The soil is the most abundantly available resource on this planet. We usually think of it in terms of gardening or archaeological excavations, but interestingly enough, the soil is also a major component of properly functioning electrical systems. But why is that so? While soil can poorly conduct electricity under normal circumstances, if the area of a path for current is large enough and resistance is quite low, it can become a good conductor. And since it’s so readily available everywhere, the soil is the best conducting connection between an electrical circuit or equipment and the earth.
As a rule, the lower the ground resistance – the safer the electrical system will be, which is important if you want to prevent electrical shocks and equipment damage. For this reason, as part of the maintenance plan for electrical systems, it’s important to regularly perform soil resistivity testing. Many factors can influence the resistivity of soil, including its composition, moisture, salt content, and temperature. Since these factors can change with time, it’s recommended that soil resistivity testing is performed at least annually.
To measure soil resistivity, it’s recommended to use a highly sensitive ground resistance tester. While it can be tempting to purchase a cheap tester, it’s more advisable to invest in a quality model from a reliable brand, like for instance AEMC or Sonel. This is because quality instruments have superior current outputs, which is an especially important requirement to look for. And considering how the soil in most parts of Australia is dry and rocky, you really need a tool that can generate a test current of 200mA and more for an accurate reading.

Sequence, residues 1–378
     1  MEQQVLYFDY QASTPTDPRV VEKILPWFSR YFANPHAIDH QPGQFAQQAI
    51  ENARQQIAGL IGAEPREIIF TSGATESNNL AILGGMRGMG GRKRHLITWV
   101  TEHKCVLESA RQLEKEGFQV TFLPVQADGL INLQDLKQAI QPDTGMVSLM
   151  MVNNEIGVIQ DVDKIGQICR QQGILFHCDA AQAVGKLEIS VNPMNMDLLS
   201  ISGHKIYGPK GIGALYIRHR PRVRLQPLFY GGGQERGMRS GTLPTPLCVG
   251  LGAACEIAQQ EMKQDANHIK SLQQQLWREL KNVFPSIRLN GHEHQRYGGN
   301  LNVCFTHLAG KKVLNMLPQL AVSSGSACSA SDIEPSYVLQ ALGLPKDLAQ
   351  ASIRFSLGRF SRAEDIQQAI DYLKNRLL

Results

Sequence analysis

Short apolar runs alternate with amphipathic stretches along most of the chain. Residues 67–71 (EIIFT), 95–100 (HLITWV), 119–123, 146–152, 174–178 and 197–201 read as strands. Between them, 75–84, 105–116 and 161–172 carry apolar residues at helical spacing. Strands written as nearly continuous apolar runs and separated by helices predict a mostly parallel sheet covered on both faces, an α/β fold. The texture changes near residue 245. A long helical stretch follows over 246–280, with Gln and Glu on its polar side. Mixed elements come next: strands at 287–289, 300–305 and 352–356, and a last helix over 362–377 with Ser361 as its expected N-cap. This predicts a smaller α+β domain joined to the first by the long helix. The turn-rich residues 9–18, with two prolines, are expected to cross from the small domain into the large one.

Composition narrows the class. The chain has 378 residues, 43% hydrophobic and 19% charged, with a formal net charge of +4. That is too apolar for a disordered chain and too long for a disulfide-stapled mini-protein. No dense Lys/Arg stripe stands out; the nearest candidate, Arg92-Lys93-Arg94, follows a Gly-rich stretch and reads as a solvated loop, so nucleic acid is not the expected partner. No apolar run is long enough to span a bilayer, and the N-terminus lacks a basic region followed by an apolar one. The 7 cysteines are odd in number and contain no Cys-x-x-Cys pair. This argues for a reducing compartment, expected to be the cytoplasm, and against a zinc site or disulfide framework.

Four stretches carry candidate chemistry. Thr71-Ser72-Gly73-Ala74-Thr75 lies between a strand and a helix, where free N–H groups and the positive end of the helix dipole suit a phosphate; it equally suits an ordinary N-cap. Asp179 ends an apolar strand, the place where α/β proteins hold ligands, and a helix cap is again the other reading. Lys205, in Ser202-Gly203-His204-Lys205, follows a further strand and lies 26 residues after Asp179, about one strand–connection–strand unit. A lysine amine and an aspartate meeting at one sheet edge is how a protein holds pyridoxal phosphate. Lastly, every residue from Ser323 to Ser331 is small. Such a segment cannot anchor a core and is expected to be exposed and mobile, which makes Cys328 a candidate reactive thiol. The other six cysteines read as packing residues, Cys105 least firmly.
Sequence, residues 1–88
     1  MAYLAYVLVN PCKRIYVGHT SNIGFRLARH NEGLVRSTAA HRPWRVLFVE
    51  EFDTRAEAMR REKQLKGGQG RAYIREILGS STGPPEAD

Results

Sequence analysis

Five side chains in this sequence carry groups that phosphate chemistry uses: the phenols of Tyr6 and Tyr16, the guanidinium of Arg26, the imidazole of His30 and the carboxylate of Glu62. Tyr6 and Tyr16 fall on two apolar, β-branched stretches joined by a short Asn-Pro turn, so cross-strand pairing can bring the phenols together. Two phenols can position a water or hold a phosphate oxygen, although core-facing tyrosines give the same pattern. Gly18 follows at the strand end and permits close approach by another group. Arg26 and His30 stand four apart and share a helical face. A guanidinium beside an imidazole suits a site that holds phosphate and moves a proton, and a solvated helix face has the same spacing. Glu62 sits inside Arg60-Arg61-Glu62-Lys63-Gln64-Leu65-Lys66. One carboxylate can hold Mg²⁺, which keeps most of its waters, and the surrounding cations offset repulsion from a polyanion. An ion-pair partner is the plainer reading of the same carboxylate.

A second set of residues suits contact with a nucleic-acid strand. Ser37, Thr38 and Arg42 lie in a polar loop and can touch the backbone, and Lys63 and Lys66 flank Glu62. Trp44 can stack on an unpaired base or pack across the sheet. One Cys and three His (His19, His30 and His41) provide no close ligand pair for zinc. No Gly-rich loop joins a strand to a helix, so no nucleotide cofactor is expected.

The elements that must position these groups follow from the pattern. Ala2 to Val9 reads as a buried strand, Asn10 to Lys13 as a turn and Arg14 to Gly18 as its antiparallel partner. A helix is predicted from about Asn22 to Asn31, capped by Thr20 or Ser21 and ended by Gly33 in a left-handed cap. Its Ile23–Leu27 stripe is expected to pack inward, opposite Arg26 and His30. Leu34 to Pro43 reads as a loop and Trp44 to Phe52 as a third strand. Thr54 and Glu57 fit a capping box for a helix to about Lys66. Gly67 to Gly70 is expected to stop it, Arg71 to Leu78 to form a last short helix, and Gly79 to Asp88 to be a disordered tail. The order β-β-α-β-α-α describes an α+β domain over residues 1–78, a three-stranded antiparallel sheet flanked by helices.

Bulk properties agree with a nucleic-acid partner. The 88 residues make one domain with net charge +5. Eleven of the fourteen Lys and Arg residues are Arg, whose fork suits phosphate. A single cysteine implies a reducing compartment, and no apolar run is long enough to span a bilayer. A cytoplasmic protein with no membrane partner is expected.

What’s more, you also need to pick a model that’s suitable for your exact needs. For instance, if you need to test an existing earth installation, a two or three pole ground resistance tester is the best tool to use. However, if you plan to measure the ground’s resistance before new installations, it’s best to employ a four pole tester. While most ground resistance testers require you to manually calculate the resistivity, there are some models that can perform automatic calculations which are more accurate and, not to mention, convenient.
But even the best instruments can produce wrong figures if you perform the testing under conditions that are less than ideal. For instance, if you do a ground resistance test in the aftermath of a major rainfall. In that case, the results can be overly favorable and may even cause you to miss an important problem, such as the corrosion of ground rods. With that being said, it’s best to test the ground resistance on a day when the soil is especially dry.